Credit Card Basics

The Pros and Cons of a Joint Credit Card

Thinking about getting a joint credit card with a spouse, family member or friend? Make sure you know exactly what you're getting into.

With a joint credit card account, two people are equally responsible for the privileges and responsibilities that come with a credit card. That means that they can both make charges to the account, and they are both liable for the credit card balance. The details of the account appear on the credit reports for both owners. If the account becomes late or unpaid, the issuer can pursue both users for delinquency.

Because users on a joint account are equally responsible for the card and can both make changes on the account, you should consider all the advantages and disadvantages before applying for one together.

Pros of a Joint Account

A joint account can be useful for certain people who want to share the responsibilities of a card. A few of the advantages of a joint account include:

  • Someone with lower credit scores can get access to more favorable terms. If one of the cardholders doesn't have as good credit as the other, they can take advantage of the joint account holder's higher credit scores to gain access to better interest rates and higher credit limits on a credit card.
  • A joint account can help improve your credit. If the account is kept in good standing, after a period of time, a joint account can help lift the credit scores of a cardholder who needs more help in that department. It can be a useful way to build and establish credit for someone who needs it.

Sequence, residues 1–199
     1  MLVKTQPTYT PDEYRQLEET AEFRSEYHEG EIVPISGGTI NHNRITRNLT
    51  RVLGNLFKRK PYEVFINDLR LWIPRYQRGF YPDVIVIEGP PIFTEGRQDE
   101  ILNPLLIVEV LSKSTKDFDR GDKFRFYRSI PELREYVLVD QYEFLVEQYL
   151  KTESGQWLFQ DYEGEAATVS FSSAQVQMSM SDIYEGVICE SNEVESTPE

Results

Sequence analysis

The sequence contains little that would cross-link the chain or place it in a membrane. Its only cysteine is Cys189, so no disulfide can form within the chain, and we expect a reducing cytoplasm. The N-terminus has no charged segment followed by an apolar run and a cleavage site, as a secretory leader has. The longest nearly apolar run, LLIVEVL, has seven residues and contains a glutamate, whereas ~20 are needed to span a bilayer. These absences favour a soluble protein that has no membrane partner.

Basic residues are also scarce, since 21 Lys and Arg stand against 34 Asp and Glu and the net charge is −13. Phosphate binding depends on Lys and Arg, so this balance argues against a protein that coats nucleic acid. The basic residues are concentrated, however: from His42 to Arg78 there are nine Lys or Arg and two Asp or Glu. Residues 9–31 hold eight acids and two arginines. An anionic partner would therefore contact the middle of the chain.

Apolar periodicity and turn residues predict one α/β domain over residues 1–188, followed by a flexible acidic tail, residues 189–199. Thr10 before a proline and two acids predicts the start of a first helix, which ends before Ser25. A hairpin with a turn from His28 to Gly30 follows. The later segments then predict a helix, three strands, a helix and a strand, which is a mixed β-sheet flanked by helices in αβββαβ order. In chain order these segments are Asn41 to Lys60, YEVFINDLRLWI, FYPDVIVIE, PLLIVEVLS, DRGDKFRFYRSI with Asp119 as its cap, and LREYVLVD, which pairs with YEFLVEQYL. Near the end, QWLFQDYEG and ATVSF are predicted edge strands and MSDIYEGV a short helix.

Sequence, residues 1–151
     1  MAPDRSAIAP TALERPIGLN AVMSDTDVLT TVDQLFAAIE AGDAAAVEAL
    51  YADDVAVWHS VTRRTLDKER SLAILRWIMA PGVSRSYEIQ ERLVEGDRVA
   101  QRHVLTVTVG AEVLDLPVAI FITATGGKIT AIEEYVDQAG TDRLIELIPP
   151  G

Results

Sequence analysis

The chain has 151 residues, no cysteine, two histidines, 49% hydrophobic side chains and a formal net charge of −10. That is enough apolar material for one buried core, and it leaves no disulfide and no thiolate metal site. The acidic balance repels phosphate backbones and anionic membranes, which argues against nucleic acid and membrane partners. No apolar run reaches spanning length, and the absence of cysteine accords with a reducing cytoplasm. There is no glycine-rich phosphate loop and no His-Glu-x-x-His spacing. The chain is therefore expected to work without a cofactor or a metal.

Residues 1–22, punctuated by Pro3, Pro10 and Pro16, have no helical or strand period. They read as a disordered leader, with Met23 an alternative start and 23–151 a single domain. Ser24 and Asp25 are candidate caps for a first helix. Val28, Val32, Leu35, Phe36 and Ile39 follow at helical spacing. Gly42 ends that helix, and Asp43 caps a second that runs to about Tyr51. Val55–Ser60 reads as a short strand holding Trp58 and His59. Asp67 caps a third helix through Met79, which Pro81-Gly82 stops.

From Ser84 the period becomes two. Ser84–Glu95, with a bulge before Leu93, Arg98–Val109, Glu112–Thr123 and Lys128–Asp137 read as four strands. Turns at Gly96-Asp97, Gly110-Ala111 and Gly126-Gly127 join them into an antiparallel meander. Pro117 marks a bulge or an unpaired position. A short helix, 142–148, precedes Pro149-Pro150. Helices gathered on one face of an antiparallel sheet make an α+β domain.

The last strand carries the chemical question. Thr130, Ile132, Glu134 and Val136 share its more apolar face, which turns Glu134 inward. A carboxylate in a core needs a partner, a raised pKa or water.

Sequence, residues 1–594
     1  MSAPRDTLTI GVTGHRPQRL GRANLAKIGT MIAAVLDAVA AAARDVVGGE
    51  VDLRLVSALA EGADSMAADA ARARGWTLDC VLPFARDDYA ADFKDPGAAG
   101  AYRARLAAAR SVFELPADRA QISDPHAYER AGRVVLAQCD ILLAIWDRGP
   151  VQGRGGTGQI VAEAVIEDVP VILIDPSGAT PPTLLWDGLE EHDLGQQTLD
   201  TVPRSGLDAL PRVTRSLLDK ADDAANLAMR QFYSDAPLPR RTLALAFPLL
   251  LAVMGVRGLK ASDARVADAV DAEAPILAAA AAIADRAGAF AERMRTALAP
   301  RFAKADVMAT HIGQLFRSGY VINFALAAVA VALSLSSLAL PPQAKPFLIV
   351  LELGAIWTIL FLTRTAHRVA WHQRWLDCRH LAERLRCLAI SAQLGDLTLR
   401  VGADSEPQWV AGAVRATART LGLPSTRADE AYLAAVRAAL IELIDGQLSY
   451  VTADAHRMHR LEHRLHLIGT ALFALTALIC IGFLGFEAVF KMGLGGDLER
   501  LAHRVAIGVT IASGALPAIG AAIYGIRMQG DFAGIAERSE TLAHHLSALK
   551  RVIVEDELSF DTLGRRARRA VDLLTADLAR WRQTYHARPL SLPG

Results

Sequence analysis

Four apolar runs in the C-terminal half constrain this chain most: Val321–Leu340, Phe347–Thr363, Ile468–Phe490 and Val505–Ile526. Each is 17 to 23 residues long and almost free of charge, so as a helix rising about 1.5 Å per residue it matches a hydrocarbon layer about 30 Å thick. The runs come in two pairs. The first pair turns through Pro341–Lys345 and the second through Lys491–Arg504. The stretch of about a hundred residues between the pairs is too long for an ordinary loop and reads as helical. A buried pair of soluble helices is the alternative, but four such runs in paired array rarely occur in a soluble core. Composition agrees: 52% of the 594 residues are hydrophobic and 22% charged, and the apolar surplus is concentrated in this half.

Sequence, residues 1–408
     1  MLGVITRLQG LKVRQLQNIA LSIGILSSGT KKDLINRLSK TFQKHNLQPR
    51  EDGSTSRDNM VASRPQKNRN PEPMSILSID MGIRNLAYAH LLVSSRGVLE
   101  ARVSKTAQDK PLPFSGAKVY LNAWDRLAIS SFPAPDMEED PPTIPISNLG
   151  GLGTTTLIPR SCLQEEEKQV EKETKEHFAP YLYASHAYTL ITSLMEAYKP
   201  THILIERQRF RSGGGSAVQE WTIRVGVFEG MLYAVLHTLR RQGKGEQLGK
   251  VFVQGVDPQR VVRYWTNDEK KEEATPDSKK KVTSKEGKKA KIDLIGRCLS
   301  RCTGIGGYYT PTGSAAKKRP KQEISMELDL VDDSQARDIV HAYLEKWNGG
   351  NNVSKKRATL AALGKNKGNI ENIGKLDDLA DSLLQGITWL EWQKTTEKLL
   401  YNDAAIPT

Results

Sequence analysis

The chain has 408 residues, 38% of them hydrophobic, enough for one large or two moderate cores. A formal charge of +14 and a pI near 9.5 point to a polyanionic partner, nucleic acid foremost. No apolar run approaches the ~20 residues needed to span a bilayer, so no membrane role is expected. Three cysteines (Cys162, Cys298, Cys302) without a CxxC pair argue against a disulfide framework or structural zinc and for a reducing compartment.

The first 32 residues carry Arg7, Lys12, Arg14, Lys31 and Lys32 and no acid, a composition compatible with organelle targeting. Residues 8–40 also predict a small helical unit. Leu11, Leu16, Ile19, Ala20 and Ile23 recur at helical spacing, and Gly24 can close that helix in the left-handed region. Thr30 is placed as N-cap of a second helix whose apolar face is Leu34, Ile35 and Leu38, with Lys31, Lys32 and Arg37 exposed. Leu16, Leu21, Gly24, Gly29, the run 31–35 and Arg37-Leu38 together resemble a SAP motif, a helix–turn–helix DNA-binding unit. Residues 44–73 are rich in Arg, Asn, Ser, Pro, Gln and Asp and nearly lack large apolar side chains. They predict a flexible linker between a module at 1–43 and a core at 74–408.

• The users cut down on the number of bills. A joint account means fewer bills to manage each month, which can help two people, like a married couple, simplify their finances. Both users can also share all the privileges of a card, like credit card reward points.

Cons of a Joint Account

Of course, there can be some major disadvantages to having a joint account as well. Be sure to take these into consideration:

  • Both account holders' credit history is affected. If one credit card user racks up a lot of charges on the account or doesn't hold up their end of the payments, both of their credit scores will take a hit. And both joint account cardholders are equally responsible for paying off the card, regardless of who incurred the charges.
  • Disputes over the card can cause issues in a relationship. A shared account is fertile ground for fights, especially if both users are not on the same page. If you don't agree about how much to spend or who should be making payments, this can lead to stress and discord in a relationship.
  • Changes in the relationship can make things complicated. If you end up divorcing a spouse or go through some other kind of breakup, a joint account is one more thing you will need to close or figure out how to handle. What's more, one user can use the joint account to hurt the other user by spending and failing to pay bills on time or at all.

Should You Open a Joint Credit Card Account?